I'm currently reading this book by Sam Harris. Honestly, as great as "The End of Faith," was -this book is short, sweet and to the point. Today I found a short piece of writing by Vonnegut, in which he writes,
Your rule might be this: If a sentence, no matter how excellent, does not illuminate your subject in some new and useful way, scratch it out.This holds true, especially for touchy, deep and complex issues; an equally complex style of writing can make the points elusive. From what I've watched of the debates between Harris and others, they only prove this point. Often times debaters will make points that were already addressed in Harris' book. At any rate, this writing style is simple and straight-forward for the most part. It contains statistics, opinions and basic reasoning for the attitudes in "The End of Faith." It's also much easier on the eyes. However, I wonder sometimes about the particular point in his thesis. I'll do my best to accurately portray it:
Religion is an enabler for human irrationality, tribalism and violence, more so than anything else. Therefore, faith, or blind faith in mythical deities is something that has been used as an excuse for hatred, bigotry and ignorance throughout history. By changing the dialogue from defending faith to questioning it's place in our society, we are moving to a better, more rational dialogue.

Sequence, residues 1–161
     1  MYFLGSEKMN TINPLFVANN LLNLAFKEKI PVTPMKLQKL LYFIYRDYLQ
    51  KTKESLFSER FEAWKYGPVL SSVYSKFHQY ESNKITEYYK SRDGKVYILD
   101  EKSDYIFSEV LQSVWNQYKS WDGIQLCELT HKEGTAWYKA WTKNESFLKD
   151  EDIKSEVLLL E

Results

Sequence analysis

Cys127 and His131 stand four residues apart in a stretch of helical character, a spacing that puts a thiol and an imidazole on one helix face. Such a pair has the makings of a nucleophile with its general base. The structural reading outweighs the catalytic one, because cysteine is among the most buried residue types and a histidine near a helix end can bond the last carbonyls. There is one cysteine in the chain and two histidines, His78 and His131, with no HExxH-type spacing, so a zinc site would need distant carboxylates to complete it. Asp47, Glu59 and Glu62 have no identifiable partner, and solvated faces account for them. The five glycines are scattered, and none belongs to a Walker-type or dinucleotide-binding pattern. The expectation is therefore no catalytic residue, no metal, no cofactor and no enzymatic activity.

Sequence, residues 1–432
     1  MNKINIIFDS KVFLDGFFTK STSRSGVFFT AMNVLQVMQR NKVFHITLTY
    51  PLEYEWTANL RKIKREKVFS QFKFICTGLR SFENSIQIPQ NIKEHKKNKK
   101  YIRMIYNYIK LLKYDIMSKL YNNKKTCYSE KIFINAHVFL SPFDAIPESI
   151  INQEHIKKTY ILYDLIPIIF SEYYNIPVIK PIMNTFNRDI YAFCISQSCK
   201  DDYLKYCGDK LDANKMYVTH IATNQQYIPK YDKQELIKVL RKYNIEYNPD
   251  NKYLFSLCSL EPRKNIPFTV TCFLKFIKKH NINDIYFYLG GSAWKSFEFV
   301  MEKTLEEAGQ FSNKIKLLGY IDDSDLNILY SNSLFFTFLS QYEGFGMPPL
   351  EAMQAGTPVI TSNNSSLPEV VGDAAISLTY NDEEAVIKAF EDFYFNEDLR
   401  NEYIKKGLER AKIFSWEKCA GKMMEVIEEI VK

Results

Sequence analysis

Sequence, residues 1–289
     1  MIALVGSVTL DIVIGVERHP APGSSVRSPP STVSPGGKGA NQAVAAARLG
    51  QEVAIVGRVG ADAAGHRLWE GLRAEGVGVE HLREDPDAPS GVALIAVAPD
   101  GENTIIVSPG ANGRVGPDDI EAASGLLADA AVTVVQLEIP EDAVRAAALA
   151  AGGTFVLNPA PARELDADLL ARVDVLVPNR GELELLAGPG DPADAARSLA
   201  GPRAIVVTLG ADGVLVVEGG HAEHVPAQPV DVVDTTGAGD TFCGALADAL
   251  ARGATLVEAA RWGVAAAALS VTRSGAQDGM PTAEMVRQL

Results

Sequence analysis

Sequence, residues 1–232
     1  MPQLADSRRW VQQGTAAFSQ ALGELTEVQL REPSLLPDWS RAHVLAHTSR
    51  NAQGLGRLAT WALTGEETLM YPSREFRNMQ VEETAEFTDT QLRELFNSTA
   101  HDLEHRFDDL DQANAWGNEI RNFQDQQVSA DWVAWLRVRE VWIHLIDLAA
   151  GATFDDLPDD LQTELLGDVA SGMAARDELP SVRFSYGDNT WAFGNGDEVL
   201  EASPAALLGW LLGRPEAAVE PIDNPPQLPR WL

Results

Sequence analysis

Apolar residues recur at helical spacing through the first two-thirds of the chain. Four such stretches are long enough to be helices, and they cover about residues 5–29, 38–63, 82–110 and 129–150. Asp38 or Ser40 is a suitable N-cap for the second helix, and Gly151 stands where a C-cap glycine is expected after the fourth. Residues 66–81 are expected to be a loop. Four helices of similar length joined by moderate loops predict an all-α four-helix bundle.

I sympathize with this view, except that I believe it has more to do with the human tendency to identify with particular ideologies that has created religion, and blind faith, in the first place. It is a form of security that has been built slowly over the eons. Our fear of what we think the unknown allows us to build up walls in defense, and to fight those who would dare to, or appear to, question the stability of those walls of security. Religion and faith, like any institution, is a result of human fear and psychological preservation, rather than a cause of it. It is used as an excuse, but who do we think created faith? This "it" out there must first be owned as a creation, and identified as a projection of our own desire for safety. To me, religion is a reaction, not an action in itself.
Having said this, I do not believe that spirituality and religion are entirely separate entities. We do have spiritual experiences; they exist as a phenomenon that empirical science still grips to understand. Sam Harris seems to agree on this point, receiving much objection from his readers, one of whom believed he was, "Getting soft," on religion.
At any rate, the reading continues!